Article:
"And They Came Through"

Reflecting on Collegiate’s very successful fall athletic season, one might be tempted to channel the lyrics of the Queen classic “We Are the Champions.”
After all, the girls cross country, field hockey, tennis, and volleyball teams ran the table on League of Independent Schools titles; cross country, field hockey, and tennis added VISAA championships; boys soccer placed first in the Prep League; and last week maxfieldhockey.com ranked the Cougars’ hockey squad 16th nationally, 3rd in the Mid-Atlantic region, and 1st in Virginia.
 
Eighteen Collegiate athletes earned All-LIS honors, 11 were All-Prep, and 18 All-VISAA. Callie Rogers (field hockey), MK Myers (girls cross country), Stan Craig (boys cross country), Matthew Jenkins (soccer), and Elizabeth Mendoza (tennis) were cited as athlete of the year in their respective sports.
 
Matthew Richardson (both girls and boys cross country), Rob Ukrop (soccer), Allyson Brand (tennis), and Rose White (volleyball) were selected as coach of the year.
 
So, yeah, to paraphrase Queen front man and songwriter Freddie Mercury, especially considering that no Collegiate team faced an easy schedule, It was no bed of roses, no pleasure cruise…they paid their dues, they kept on fighting ‘til the end, and they came through.
 
That said, dwelling solely on championships and post-season honors would be missing the point. Sure, winning is the goal at the varsity level, but the focus of Collegiate’s athletic program from time immemorial has been developing talent, fostering connections, sharing experiences, competing with spirit and sportsmanship, and learning life lessons.
 
One afternoon recently, Athletic Director Andrew Stanley shared his thoughts about the fall 2022 season and offered insights about the state of Collegiate’s program.
 
Speak about your expectations for the fall, especially in your first turn as AD.
My expectations centered around making sure that I was doing my part to support teams, creating an environment where athletes could be successful, and doing my part to move the program forward. If we can move three-and-a-half yards forward every day, we’ll never have to punt the ball.
 
As far as championships, there were no expectations. When you come off a dominating season like soccer had in 2021 (undefeated, league and state champion), you have to make sure these kids don’t feel they have to duplicate that success and make sure you’re supporting them.
 
We knew we had talented teams coming in, but anybody who’s ever coached knows the number of things that have to go well for it all to go well. When you look at what makes Collegiate successful, we have some unbelievable front-end athletes. It was other kids that helped make our teams successful. That’s always the case.
 
One of the worst losses I’ve seen in a long time was the middle of the season when the volleyball team lost (3-0) at St. Catherine’s. For them to come back and win the LIS tournament was like, Oh, wow! There were only two all-LIS players on that team. We won with depth. Our tennis team was a revolving door. We had kids coming off the bench and earning All-LIS when somebody got hurt.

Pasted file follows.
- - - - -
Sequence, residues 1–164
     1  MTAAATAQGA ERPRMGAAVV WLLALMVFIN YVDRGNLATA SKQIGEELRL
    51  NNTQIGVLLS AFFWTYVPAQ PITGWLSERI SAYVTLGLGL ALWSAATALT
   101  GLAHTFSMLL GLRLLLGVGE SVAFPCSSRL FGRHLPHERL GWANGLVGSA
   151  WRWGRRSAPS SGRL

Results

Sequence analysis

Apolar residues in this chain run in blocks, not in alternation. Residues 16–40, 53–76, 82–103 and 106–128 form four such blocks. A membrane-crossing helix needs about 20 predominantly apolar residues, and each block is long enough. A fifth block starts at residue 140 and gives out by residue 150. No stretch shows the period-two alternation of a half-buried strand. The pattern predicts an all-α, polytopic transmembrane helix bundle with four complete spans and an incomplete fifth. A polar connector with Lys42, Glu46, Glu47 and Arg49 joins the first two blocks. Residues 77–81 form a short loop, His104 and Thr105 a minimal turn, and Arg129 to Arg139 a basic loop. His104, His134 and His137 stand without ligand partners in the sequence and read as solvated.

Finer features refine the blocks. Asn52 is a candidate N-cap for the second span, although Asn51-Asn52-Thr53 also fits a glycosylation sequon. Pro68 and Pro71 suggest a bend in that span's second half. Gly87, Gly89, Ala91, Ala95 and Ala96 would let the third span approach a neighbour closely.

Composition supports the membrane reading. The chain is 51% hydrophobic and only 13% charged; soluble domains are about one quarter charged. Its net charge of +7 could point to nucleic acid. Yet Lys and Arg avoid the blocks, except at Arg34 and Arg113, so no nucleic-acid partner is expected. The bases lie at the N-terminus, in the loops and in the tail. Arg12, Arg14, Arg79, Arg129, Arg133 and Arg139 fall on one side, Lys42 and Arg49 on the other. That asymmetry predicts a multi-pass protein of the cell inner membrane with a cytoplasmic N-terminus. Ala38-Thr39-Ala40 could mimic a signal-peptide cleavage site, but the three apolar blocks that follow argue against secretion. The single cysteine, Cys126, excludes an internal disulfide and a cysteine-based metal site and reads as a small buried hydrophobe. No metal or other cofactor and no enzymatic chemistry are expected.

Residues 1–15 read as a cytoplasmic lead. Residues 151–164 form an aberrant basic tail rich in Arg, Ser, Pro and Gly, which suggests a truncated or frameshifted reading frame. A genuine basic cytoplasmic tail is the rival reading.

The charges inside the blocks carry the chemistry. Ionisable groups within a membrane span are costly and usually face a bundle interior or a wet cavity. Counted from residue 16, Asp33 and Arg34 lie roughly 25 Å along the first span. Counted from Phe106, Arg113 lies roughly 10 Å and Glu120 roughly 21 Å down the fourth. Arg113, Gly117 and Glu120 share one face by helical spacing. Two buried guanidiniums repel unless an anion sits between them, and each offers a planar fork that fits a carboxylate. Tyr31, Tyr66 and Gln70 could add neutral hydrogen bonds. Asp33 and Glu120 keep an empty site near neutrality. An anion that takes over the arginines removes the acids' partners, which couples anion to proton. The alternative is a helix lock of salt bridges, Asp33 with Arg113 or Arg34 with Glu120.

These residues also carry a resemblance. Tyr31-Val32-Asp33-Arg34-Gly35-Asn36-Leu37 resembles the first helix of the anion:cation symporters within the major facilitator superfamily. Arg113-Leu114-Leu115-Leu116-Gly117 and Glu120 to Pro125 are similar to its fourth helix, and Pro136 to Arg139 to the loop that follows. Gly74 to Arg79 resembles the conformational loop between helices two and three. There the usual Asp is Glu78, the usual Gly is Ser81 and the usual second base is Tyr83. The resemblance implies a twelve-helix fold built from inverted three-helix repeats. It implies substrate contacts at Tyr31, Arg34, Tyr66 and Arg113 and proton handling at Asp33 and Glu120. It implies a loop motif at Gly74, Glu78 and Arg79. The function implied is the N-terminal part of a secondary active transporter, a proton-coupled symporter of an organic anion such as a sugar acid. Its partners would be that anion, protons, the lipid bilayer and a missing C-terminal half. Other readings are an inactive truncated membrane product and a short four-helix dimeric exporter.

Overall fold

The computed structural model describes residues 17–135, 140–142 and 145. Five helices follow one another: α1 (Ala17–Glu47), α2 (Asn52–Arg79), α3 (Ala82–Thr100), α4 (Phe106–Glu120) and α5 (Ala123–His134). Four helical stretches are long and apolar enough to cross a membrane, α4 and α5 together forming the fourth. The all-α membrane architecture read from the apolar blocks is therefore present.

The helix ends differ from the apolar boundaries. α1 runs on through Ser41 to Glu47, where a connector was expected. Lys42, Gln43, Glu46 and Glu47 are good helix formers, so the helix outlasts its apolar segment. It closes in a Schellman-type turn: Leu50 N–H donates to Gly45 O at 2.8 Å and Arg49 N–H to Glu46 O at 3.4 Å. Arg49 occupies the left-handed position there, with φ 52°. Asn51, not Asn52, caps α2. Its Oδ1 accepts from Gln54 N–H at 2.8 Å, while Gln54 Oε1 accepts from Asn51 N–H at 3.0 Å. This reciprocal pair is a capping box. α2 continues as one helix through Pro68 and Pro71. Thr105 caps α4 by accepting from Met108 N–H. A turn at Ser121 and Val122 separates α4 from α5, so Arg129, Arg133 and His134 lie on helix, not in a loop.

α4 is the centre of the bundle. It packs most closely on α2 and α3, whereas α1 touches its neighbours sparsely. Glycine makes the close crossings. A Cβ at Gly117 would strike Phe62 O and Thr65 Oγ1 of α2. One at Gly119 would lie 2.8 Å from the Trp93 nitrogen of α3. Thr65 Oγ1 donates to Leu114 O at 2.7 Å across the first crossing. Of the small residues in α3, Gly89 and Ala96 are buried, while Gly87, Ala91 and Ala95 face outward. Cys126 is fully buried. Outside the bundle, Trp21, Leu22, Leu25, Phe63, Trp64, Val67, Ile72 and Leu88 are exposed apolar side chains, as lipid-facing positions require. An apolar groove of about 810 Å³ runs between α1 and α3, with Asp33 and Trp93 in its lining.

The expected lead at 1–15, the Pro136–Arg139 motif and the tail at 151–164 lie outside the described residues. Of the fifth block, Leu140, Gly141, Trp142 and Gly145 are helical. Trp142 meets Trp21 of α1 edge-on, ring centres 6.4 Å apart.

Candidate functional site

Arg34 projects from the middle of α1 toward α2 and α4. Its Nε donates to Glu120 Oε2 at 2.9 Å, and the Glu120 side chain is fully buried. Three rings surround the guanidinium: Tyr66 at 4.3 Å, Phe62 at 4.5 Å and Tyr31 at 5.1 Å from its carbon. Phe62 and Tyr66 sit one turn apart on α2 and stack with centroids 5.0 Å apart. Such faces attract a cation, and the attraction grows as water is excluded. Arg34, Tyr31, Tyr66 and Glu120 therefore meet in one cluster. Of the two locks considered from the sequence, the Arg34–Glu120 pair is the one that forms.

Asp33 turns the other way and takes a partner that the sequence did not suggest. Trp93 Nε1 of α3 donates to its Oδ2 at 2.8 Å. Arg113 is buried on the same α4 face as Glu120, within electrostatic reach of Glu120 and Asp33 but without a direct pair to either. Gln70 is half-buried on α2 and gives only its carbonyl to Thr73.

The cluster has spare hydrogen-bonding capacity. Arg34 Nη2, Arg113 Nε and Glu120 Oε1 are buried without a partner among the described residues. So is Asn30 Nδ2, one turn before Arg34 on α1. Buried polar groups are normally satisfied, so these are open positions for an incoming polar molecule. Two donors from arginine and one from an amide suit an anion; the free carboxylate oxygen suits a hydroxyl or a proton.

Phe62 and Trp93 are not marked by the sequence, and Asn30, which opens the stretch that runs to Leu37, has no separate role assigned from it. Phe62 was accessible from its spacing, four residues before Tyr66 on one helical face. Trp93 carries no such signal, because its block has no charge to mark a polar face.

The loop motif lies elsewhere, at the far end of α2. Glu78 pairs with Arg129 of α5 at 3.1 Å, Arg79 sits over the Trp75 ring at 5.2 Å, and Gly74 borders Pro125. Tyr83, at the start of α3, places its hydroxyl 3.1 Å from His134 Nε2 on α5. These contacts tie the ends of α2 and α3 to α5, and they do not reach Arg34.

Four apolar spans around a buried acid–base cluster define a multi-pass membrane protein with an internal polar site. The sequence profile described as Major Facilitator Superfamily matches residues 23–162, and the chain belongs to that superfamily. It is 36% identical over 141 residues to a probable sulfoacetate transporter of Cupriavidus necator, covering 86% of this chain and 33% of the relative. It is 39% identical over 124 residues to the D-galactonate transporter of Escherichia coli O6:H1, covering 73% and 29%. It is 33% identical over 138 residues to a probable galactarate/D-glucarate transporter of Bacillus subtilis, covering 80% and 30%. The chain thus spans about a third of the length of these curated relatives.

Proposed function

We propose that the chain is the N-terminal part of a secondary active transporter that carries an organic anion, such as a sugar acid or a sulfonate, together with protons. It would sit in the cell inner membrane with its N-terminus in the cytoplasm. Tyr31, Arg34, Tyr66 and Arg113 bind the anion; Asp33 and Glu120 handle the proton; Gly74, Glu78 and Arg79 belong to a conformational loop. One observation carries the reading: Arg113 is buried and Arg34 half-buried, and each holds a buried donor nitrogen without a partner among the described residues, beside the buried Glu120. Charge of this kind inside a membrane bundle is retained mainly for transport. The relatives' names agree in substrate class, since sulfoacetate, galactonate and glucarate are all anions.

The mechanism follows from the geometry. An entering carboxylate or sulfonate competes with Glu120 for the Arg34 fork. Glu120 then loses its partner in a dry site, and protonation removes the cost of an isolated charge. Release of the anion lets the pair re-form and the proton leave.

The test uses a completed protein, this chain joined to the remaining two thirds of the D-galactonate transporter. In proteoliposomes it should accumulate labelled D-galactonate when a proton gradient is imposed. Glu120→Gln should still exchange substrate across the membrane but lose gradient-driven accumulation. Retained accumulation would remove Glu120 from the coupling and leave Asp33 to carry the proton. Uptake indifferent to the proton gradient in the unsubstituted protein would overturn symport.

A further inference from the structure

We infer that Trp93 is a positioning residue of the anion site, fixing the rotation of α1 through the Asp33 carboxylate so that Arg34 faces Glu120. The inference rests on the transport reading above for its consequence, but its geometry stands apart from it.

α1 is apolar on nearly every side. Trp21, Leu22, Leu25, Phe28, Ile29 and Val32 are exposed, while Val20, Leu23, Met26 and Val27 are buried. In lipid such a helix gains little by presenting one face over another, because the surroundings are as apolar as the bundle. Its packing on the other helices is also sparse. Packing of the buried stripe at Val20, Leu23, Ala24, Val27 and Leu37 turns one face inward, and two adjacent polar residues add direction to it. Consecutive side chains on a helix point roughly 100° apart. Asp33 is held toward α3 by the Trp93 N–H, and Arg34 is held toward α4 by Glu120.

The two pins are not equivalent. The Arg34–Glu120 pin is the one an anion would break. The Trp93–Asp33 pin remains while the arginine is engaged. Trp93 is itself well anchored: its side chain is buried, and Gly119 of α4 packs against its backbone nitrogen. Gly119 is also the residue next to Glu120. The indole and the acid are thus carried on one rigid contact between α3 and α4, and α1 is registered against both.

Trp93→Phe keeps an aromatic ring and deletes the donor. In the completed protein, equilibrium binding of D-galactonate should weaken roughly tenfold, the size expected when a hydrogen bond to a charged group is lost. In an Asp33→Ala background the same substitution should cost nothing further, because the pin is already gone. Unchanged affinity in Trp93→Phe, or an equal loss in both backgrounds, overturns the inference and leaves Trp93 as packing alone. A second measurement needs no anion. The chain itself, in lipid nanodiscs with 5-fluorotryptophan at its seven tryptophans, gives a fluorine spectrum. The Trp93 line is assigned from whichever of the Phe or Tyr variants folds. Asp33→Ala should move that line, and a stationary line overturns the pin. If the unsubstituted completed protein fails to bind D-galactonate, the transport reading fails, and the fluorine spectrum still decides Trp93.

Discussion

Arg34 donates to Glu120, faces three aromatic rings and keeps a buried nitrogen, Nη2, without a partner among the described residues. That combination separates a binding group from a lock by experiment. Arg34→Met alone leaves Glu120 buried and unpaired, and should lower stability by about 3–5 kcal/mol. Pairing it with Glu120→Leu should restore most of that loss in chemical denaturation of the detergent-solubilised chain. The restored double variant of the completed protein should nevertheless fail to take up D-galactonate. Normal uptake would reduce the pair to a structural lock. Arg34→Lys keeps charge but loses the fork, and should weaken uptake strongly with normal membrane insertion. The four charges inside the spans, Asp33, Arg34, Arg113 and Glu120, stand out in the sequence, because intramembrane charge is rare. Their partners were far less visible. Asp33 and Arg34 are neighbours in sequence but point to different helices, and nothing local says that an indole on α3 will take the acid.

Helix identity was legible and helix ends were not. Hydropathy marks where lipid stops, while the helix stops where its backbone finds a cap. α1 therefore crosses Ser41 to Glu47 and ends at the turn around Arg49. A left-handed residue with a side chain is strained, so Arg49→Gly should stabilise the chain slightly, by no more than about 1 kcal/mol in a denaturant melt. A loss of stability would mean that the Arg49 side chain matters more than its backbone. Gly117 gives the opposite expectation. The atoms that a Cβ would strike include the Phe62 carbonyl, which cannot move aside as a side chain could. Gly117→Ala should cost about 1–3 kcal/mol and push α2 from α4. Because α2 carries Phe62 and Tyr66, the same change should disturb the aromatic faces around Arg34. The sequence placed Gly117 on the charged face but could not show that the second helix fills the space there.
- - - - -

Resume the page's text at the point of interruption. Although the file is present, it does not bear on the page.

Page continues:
Girls cross country was super impressive. They were acutely aware of making sure it felt like a team from top to bottom. They weren’t just saying words. They were doing it. Watching how they would finish their run and go back and run with the kids who were behind them and have these friendly conversations… They understood their roles and responsibilities and handled them accordingly.
 
Clearly across the board, coaches put kids in positions to succeed. Kids rose to the occasion and performed together for the right reasons.
 
Our football team had perhaps the toughest schedule in Central Virginia.
I was so impressed with the football coaches and their level of care and attention to detail.
They’re coaches who understand that we don’t do it like everyone else. We control what we can control.
 
The way our kids competed was really impressive. Look at the way we fought back after some mistakes to secure the (16-10) win at Episcopal. Look at kids like Hayden Rollison, who completely emptied the tank. We had kids willing to play multiple roles. I was super impressed with their effort and intensity. Yes, it’s an incredibly competitive schedule. Injuries changed the season. I was really impressed with the way our kids stayed together and worked all the way to the end. The way they competed in their last game (a 14-3 loss at St. Christopher’s) was a great testament to Mark Palyo (who retired as head coach after 16 seasons). They battled as hard as they could. I was impressed with how the team leaders stayed focused on what mattered and gave us the chance to go into the future with a lot of promise.
 
Speak about the role of the captains and other team leaders.
We [coaches and ADs) started the fall talking to the kids about the premise of a math formula: that connection plus competition builds confidence. A cohesive team with the right competition becomes confident down the stretch. It was interesting watching the teams talk and work within that premise.
 
We tried to give them a framework of what we need and how we are going to help the kids take control. It doesn’t matter how fancy your offense is if the kids don’t feel like they can run it. It doesn’t matter how many books you read or how many coaching seminars we go to, the essence of coaching is getting out of the way.
 
But continuing education for coaches is one of your priorities. Correct?
Yes, but every time I’ve read a self-help or leadership-focused book, I’ve always had one overwhelming feeling, not because I have it all figured out because I wouldn’t be reading the books if I did. My reaction comes from the realization that the skills and expertise described in the books almost always already exist on our campus, and we can learn so much from each other.
 
 
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